Monday, 16 October 2006

Become a plover lover

Mixed flocks of lapwing and golden plover will be a familiar sight to those who venture into the Norfolk countryside at this time of the year. On dull autumn days, the hunched silhouettes of these medium-sized wading birds can be seen on freshly ploughed fields or areas cleared of sugar beet. Both species make less extensive use of mudflats than other wading birds and, as such, they can turn up almost anywhere across our largely agricultural county. While some of the lapwing will be birds that have bred locally during the summer, perhaps at Holkham or within the Brecks, most will be drawn from breeding populations elsewhere, including Fennoscandia and the Low Countries. All of the golden plover will be winter visitors – the species does not breed in Norfolk – drawn from upland areas spread across northern Europe.

Because the wintering populations of these two species make use of inland agricultural habitats they are not well-monitored through existing monitoring schemes, such as the Wetland Bird Survey (WeBS); paradoxically, though, Breydon Water supports an internationally important population of lapwing. The use of inland habitats means that the size of their wintering populations has to be determined through a special wintering plover survey. This is organised by the British Trust for Ornithology (BTO) and, with concerns of a potential population decline and a suggested shift in wintering range, the latest survey is taking place this winter. Most of our wintering lapwing arrive between late September and the end of November, with peak numbers of golden plover noted in November. Later into the winter, birds may become more mobile as freezing temperatures force them to move south or west to find areas free from frost, where they can feed. Both species prefer to feed on areas of permanent pasture, rich in earthworms, a habitat that is scarce within Norfolk. Instead they make use of winter cereals, oil seed rape and sugar beet stubbles, feeding at night on beetles and earthworms.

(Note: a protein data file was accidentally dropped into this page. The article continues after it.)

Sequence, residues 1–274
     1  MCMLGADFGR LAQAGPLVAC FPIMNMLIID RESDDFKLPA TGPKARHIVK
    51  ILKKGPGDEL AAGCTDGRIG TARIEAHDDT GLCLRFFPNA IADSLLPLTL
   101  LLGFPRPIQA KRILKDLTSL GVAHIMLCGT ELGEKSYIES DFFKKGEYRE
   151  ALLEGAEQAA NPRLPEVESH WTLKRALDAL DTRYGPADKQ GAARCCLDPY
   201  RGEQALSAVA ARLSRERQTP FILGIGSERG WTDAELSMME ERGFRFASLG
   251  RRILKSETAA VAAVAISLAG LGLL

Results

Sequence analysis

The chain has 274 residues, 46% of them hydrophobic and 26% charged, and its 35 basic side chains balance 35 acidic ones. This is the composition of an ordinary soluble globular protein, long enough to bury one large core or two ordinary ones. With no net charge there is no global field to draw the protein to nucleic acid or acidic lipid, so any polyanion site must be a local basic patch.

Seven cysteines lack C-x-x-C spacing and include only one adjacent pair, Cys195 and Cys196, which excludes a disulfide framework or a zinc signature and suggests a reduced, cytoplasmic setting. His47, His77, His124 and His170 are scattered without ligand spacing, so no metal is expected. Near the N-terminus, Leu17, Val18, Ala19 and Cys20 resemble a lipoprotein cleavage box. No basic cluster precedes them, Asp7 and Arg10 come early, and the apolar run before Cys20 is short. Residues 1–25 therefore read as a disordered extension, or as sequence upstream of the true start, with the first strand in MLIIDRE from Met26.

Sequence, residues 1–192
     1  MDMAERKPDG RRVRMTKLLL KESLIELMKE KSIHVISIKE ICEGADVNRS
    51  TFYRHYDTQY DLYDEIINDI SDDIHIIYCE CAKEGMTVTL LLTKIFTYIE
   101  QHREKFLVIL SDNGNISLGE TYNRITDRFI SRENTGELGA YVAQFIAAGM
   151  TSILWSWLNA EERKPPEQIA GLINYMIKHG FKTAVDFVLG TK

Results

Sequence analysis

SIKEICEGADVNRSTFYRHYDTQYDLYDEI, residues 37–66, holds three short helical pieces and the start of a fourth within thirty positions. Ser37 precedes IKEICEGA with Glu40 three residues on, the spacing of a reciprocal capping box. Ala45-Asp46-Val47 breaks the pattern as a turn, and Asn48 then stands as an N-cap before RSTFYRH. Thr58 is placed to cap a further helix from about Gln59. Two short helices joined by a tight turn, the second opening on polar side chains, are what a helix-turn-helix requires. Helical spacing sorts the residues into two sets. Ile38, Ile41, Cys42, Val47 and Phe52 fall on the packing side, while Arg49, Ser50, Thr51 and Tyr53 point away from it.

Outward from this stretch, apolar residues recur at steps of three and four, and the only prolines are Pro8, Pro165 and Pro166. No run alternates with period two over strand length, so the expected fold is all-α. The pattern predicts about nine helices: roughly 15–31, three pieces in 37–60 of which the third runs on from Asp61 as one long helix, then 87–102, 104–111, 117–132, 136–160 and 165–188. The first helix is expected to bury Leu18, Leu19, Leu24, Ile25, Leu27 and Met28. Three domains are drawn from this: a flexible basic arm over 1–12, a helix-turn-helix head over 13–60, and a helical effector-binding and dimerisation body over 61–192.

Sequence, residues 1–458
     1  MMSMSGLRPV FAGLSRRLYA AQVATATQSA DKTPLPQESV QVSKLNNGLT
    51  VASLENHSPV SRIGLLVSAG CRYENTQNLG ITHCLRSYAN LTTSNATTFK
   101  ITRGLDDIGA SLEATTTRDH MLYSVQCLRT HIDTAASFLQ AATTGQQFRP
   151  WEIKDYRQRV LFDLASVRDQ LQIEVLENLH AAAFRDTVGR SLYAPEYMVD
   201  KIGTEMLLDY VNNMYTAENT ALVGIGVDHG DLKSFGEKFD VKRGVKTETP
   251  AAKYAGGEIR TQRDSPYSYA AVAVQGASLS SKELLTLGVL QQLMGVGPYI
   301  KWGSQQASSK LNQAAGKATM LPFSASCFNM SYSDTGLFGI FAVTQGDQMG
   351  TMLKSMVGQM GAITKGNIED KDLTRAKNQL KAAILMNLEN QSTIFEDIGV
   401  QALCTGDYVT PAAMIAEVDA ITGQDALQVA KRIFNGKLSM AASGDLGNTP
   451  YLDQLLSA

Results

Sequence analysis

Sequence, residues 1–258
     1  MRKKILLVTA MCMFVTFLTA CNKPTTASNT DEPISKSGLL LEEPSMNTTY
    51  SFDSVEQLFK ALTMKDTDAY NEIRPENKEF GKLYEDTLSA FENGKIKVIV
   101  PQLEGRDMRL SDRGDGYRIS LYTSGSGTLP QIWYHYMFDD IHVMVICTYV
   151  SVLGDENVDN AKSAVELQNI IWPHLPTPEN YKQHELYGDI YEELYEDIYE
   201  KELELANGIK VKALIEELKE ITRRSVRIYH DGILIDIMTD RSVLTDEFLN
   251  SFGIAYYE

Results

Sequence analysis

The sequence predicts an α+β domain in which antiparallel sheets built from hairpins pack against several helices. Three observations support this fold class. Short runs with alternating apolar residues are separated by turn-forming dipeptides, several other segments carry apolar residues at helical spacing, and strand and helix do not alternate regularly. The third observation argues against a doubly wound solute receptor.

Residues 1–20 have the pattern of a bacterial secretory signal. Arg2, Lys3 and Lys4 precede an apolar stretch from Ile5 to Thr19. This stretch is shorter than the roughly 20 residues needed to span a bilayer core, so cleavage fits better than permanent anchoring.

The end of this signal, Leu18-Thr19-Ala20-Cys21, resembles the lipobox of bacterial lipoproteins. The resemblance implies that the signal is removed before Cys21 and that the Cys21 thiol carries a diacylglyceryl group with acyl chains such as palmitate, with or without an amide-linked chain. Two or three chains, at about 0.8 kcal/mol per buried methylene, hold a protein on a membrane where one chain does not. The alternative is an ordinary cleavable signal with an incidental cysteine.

Sizeable mixed flocks can literally ‘carpet’ fields but smaller flocks, of 50 or so birds, often go unnoticed. If you are out and about in the countryside this month, make an effort to scan the fields for these two plovers or offer to take on one of the BTO’s survey squares. While the bulk of the survey work will be carried out by BTO volunteers, visiting the randomly selected survey squares, information is also needed from other areas. Records of lapwings or golden plovers seen anywhere within the county are especially welcome and can be submitted on a casual records form. Copies of the form can be obtained by downloading it from or by phoning the BTO on 01842-750050.

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